Posts Tagged 'focus'

The Can Do Man

Courtesy of KVOA.com

Do not let what you cannot do interfere with what you can do.
John Wooden

I love to cook, but have a hard time boiling eggs.

Over the years, I’ve tested every method I could find to make them.

The internet has been a bust.

Food Network was no help, either.

If the Queen of England came over tomorrow and wanted one for dinner, we’d be ordering in.

For someone who enjoys being in the kitchen as much as I do, this is a bit distressing. How can I consider myself a decent cook if one of the most basic tasks eludes me?

I am frustrated by this fact until I remember what I am able to do.

Chocolate chip pancakes with blueberries.

Scallop and shrimp salad.

Pork tenderloin medallions with asparagus.

All of these dishes are palatable, to say the least. Why be concerned about something else?

The best use of my time — for myself or anyone else — is the things I do well.

Something about the American ethos glorifies the idea of turning weakness into strength. The legendary figures of this culture are perceived as heroes for rising above all that would hold them back.

Guided by this assumption, we come to believe triumph is rooted in overcoming faults.

Most of the time, it’s quite the opposite.

Success, in any walk of life, is about leveraging what we do really well to create the desired result. All of us have done so — and will continue to — time and time again.

Greatness is the repeated expression and magnification of skill. Attempting to improve lesser talents takes time away from the pursuit of excellence in those that matter.

And, if we’re not careful, what we cannot do keeps us from doing what we can.

The Theory of Change

Courtesy of CBC.ca

I wanted to know how to spend $100 million.

Provoked by the teaser on the cover, I opened a recent issue of Inc. magazine to see how such a large sum of money might help education.

Inspired by Facebook chief executive Mark Zuckerberg’s recent donation to the Newark school system, the author tackled the inherent challenges to reforming education guided by an entrepreneurial mindset.

What it comes down to is the “theory of change.”

This is “a set of beliefs about the best strategy to produce a desired outcome.” Organizations of all kinds — industrial, political, religious — operate under basic assumptions about how results are achieved. In fact, it’s most accurate to say they are defined by these ideas; membership grows based on how many people identify themselves with this or that method for making a difference.

If these central concepts are absent, it is nearly impossible to get anything going.

An agreed-upon approach is the foundation for decision-making, it creates the boundaries for what will be done to reach a stated goal. Used properly, it streamlines the process for advancing from stage to stage.

This is true of people, too. How we go about moving from one station in life to the next — if we ever do — is a function of the perspective we have on tactics.

And, being human, we often cling tightly to what we’re comfortable with, continuing to work furiously despite our efforts having questionable impact.

What must be done to change how we think about changing?

Do we allocate more resources (money, information, time)?

How about taking different action? Is simply doing that enough?

Can it be identified without the 20-20 prism of hindsight?

What, if anything, can be deemed necessary without argument?

It takes commitment.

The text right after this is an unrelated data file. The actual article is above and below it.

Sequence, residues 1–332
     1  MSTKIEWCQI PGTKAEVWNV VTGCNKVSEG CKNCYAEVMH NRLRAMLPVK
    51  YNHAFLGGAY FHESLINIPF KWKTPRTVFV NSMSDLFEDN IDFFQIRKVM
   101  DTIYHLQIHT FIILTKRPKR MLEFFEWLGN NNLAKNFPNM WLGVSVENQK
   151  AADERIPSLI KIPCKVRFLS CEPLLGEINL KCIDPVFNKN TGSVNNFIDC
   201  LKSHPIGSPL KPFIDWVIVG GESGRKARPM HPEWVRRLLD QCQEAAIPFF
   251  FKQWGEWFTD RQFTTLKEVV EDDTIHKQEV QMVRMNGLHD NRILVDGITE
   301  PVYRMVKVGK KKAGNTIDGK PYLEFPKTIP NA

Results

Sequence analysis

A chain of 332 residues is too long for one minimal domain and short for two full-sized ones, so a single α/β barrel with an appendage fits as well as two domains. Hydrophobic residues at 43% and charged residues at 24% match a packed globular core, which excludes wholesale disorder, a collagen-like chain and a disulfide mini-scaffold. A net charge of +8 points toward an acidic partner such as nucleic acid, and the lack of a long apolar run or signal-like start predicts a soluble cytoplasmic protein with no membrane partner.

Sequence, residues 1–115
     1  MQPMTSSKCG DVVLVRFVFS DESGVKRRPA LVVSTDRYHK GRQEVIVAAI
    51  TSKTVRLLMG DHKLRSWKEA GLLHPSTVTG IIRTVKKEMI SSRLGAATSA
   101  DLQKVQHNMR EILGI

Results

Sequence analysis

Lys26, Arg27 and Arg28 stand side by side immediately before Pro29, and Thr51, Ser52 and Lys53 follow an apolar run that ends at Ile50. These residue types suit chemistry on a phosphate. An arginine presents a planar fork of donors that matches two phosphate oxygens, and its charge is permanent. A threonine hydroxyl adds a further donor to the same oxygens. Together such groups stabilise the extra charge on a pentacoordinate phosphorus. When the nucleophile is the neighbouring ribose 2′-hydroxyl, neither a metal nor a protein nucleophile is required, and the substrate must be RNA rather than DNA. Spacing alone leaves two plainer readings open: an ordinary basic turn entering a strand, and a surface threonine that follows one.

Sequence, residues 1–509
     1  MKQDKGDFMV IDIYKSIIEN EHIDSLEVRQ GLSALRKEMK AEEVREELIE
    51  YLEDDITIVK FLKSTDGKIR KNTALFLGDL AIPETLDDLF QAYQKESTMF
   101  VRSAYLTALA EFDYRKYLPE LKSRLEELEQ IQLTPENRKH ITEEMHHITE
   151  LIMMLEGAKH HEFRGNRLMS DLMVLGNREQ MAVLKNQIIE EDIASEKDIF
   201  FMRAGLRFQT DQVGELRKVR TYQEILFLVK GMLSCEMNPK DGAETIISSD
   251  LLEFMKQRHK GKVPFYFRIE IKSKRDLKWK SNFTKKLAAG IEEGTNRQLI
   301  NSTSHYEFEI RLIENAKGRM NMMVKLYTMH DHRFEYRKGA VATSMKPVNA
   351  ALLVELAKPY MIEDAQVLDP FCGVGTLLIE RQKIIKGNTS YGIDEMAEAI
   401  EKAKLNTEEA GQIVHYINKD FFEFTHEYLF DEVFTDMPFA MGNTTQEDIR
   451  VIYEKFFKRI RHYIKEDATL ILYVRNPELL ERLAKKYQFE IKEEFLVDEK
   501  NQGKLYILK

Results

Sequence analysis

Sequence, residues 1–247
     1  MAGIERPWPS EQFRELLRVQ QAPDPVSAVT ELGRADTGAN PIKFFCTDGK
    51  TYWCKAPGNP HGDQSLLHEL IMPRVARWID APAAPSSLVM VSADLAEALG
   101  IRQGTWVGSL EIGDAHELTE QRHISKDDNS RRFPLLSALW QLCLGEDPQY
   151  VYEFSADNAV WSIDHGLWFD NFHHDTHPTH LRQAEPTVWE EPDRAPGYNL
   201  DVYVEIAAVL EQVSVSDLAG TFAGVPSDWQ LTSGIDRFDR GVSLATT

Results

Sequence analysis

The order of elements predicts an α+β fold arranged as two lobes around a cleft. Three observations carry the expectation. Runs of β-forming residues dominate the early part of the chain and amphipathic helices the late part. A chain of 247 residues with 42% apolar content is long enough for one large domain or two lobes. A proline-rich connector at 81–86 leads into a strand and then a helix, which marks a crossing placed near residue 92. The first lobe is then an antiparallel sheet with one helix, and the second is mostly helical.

Early returns do not a revolution make. Challenges are bound to arise when steering a new course. Just overcoming the momentum built traveling the old way is a task unto itself — one which must be completed before going full speed in another direction.

Determination, then, is a component.

It also takes patience.

Change, for the most part, is a gradual process spread over days, months and years. Though we find ourselves frustrated and overwhelmed when it takes a while for everything to coalesce, steadiness of spirit and the willingness to persevere are necessary to witness anything bear fruit.

Regardless of how we anticipate change occurring, we can be certain of one thing:

Deeply-held belief and inspired effort will be harnessed over time to create the hoped-for conclusion.

Trust Issues

Courtesy of PalatePress.com

Developing trust in the wake of pain is a challenge.

When you see the person, if you can stand to look, all you can think of is the injuries suffered.

You show off the emotional scars, the aftereffects of being hurt so many times.

Anger simmers beneath the surface, begging to boil over.

Good deeds are hidden by bitterness.

What matters is your unmet expectations — and the price of that failure.

You sit and count the ways you were let down.

You struggle to forgive.

You wish to forget.

Eventually, though, you trust yourself again.

Fragile Focus

Courtesy of INeedToStopSoon.com

“You’re going to screw up and make a mess.”

She was right.

I did.

My sister-in-law got in my head.

I had been alone for several days while she and my brother attended a funeral in our hometown, cooking and cleaning and caring for the the dogs without anyone to talk to.

Though I enjoy solitude, extended periods to myself invariably lead my mind to find entertainment in practicing random skills. This time, I settled on the chef’s trick of flipping eggs in the pan.

I’ve watched a lot of Food Network. How hard could it be?

I gave it a shot and got close.

I kept at it. By the sixth or seventh attempt, I could execute the basics with consistency. After that, it would be more remarkable if I failed than if I succeeded. Having added this little party favor to my cooking arsenal, I set about to show it off.

I called for attention.

I set up.

I heard those eight words.

I got nervous.

I flubbed the flip.

The meal ended up as delicious as it would have been, if a little less aesthetically pleasing.

I could only think of how easily I became rattled.

Why does new-found confidence disappear so suddenly?